Currently, it is not recommended to load modules in your ".bashrc" as this causes a long delay when logging in and triggers the problems mentioned above.

Where are the Ensembl VEP caches?

The Ensembl VEP caches are currently present in directories named ".vep" under subdirectories of /resources/data/vep.caches/from.pegasus/ and /resources/data/vep.caches/helix/ This is subject to future change as we consult with the curators of public data sources.

Why are my job run-times/wall-times longer than expected?

The "Resource usage summary" of the LSF job output should be inspected to ensure the time spent on the CPU (the CPU time) is a large proportion of your run-time/wall-time. The "Max processes" and "Max threads" lines should be inspected to ensure you have requested an appropriate number of job slots.

In the event that the CPU time is much lower than run-time, this means the computation is not doing much on the processor and is instead spending most of its time doing something else. Diagnostic commands such as "uptime", "free -h", and "df -h /" can be added to your job script to ensure your compute node is in a reasonable state.

The immediate follow-on test is to identify the input data, and output data location and synthetically test these.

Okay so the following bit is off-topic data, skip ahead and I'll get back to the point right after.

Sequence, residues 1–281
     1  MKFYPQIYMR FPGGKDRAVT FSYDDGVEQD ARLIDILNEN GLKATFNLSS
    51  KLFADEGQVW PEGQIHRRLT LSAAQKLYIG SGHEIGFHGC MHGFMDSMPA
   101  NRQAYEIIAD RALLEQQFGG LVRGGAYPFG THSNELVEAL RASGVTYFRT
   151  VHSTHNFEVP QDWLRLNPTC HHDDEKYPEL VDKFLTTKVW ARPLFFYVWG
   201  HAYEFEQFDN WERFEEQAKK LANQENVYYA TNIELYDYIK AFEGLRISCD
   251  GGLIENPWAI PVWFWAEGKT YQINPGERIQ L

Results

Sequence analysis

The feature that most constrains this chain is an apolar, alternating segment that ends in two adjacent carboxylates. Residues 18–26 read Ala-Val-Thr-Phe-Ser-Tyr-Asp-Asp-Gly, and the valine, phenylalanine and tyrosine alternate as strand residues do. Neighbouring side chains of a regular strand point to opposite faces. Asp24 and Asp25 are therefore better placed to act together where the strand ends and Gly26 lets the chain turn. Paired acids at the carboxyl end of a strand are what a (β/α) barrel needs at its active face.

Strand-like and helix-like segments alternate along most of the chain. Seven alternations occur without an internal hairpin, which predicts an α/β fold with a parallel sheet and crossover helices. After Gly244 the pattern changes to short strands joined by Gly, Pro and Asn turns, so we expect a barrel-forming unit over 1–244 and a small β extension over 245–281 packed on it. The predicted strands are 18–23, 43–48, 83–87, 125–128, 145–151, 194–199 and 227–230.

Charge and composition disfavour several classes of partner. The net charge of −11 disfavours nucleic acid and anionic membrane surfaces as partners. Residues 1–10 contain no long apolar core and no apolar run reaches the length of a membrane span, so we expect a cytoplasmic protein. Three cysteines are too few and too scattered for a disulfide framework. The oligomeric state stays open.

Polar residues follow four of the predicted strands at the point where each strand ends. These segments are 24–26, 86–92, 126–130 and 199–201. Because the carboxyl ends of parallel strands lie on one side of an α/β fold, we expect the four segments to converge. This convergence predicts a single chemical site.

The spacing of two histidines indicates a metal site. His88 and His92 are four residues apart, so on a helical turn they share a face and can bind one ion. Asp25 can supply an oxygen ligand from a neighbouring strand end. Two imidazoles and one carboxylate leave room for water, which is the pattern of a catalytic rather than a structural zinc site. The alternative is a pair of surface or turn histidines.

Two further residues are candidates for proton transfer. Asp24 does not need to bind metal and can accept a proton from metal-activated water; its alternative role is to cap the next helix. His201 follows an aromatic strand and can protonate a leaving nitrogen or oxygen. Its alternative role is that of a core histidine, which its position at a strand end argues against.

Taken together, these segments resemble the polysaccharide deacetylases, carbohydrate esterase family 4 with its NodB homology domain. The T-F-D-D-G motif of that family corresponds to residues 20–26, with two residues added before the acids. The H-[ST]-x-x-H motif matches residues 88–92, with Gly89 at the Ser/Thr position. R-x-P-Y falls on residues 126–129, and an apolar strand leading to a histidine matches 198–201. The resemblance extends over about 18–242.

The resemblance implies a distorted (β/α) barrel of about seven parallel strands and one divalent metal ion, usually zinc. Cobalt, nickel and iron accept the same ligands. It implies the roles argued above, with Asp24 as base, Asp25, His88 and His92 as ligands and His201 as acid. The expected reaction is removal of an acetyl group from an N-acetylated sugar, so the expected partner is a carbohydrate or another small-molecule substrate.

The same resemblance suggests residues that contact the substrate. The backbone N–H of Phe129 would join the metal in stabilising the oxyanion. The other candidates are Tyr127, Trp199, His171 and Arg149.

Assuming $HOME/input is an input file, and $HOME/output is the output file, you may run the following two commands in your job script before the computation. "$HOME/output" is an arbitrary filename for testing. Do not specify an important file or it will be overwritten.
    time dd if=$HOME/input of=/dev/null bs=$((1024*1024))
    time dd if=/dev/zero of=$HOME/output bs=$((1024*1024)) count=100000
Be careful not to mix up input file (if) with output file (of) or you may lose data. Work on copies of data if you are unsure.

The input file should be one of the files used in your computation later. If an input file is especially large (e.g. over 100 GB), you can modify

    time dd if=$HOME/input of=/dev/null bs=$((1024*1024))

to include a count in units of MiB (roughly megabytes/MB)

    time dd if=$HOME/input of=/dev/null bs=$((1024*1024)) count=100000

Why does Helix use the UTC timezone?

On large systems with international users and requiring debugging and management of data across timezones, it is typical for the system to present the UTC timezone to users to avoid discontinuities across timezones and clock changes.